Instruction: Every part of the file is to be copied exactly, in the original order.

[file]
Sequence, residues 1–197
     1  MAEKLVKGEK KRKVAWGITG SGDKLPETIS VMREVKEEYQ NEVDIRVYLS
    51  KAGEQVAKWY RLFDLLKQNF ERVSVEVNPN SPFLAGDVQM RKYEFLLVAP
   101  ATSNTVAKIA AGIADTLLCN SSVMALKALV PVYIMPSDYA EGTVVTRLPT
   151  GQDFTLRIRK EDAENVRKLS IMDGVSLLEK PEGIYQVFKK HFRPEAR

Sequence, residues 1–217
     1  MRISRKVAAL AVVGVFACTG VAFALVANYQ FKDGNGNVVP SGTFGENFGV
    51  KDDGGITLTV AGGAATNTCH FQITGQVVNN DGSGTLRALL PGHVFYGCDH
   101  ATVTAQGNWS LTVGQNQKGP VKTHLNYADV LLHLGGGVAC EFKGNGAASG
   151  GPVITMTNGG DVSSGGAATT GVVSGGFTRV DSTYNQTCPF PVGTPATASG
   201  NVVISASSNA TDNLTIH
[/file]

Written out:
Sequence, residues 1–197
     1  MAEKLVKGEK KRKVAWGITG SGDKLPETIS VMREVKEEYQ NEVDIRVYLS
    51  KAGEQVAKWY RLFDLLKQNF ERVSVEVNPN SPFLAGDVQM RKYEFLLVAP
   101  ATSNTVAKIA AGIADTLLCN SSVMALKALV PVYIMPSDYA EGTVVTRLPT
   151  GQDFTLRIRK EDAENVRKLS IMDGVSLLEK PEGIYQVFKK HFRPEAR

Sequence, residues 1–217
     1  MRISRKVAAL AVVGVFACTG VAFALVANYQ FKDGNGNVVP SGTFGENFGV
    51  KDDGGITLTV AGGAATNTCH FQITGQVVNN DGSGTLRALL PGHVFYGCDH
   101  ATVTAQGNWS LTVGQNQKGP VKTHLNYADV LLHLGGGVAC EFKGNGAASG
   151  GPVITMTNGG DVSSGGAATT GVVSGGFTRV DSTYNQTCPF PVGTPATASG
   201  NVVISASSNA TDNLTIH